>> CREATE MATERIALIZED VIEW std_view AS SELECT sname FROM Student GROUP BY sname ORDER BY sname;

Now, using the SELECT query to execute the view, we will return the names of students in the ‘sname’ column of the ‘Student’ table.

>> SELECT * FROM std_view;

Example 3: Materialized View Using WHERE Clause

Now, we will create a materialized view using the WHERE clause. Consider the following ‘Student’ table with some changes to its values.

Then, we will create a materialized view named ‘teststd’ using the ‘CREATE MATERIALIZED VIEW’ query. We will select the records of the ‘Student’ table where the value of the ‘age’ column is greater than ‘25’ using the WHERE clause. The query works properly, as seen in the picture.

>> CREATE MATERIALIZED VIEW teststd AS SELECT sid, sname, age FROM Student WHERE age >25;

Finally, we will execute the materialized view that we just created using the SELECT command, as below. You will see that it will return all the records from the ‘Student’ table in which the ‘age’ column has a value of greater than ‘25.’

>> SELECT * FROM teststd;

Example 4: Refresh Materialized View Using WITH NO DATA Clause

In this example, we will create a materialized view, in which we will use the WITH NO DATA clause to refresh the view. Assume that the following ‘Student’ table with some alterations in its values.

We will now create the materialized ‘teststd’ view. This view will select the records from the ‘student’ table in which the age of the students is less than ‘40.’ The fetched records will be grouped and sorted according to ascending order in the ‘sid’ column. At the end of the query, we will use the WITH NO DATA clause to indicate that the query will not save any information in a materialized view. The view shown below should successfully perform these actions.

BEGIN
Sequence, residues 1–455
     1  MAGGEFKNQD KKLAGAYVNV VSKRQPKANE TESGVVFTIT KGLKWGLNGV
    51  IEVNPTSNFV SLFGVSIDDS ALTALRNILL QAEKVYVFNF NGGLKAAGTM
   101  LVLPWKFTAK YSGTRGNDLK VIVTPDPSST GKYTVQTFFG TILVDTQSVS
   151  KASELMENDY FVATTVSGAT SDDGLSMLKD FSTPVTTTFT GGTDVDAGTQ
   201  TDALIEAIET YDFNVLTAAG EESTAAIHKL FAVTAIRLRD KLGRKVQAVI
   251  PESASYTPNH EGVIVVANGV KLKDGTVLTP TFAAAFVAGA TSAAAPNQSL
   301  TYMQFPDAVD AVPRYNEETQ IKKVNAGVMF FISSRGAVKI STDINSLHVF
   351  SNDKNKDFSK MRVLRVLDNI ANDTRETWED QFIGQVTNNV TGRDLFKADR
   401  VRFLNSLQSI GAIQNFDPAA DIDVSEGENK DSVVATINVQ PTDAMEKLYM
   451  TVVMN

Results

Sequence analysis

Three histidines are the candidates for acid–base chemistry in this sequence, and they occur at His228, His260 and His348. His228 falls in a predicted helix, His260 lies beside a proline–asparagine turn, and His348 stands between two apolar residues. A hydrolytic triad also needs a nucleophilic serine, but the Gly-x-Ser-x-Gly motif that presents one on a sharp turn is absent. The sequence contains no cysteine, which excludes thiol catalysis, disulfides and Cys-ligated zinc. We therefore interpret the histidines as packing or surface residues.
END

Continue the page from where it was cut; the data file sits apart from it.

>> CREATE MATERIALIZED VIEW teststd AS SELECT sid, sname, age FROM Student WHERE age <40GROUP BY sid ORDER BY sid WITH NO DATA;

When you add the ‘WITH NO DATA’ clause to a materialized view, this creates a blank one. This materialized view is not queryable. As you can see in the following image, it is not fetching the records in the newly created view.

The REFRESH MATERIALIZED VIEW statement is used to import the data into a materialized view. Fill in the materialized view by running the following REFRESH MATERIALIZED VIEW query in the shell. As you can see, this query has worked effectively.

>> REFRESH MATERIALIZED VIEW teststd;

Again, fetch the records of the materialized view ‘teststd’ using the SELECT statement in the shell. This time, the SELECT query works properly because the ‘REFRESH’ statement has loaded contents into the materialized view.

Example 5: Drop Materialized View

The following command will delete a materialized view.

>> DROP MATERIALIZED VIEW std_view;

Conclusion

This article showed you how to use materialized views via the WHERE clause and REFRESH queries in the command-line shell.

About the author

Aqsa Yasin

Aqsa Yasin

I am a self-motivated information technology professional with a passion for writing. I am a technical writer and love to write for all Linux flavors and Windows.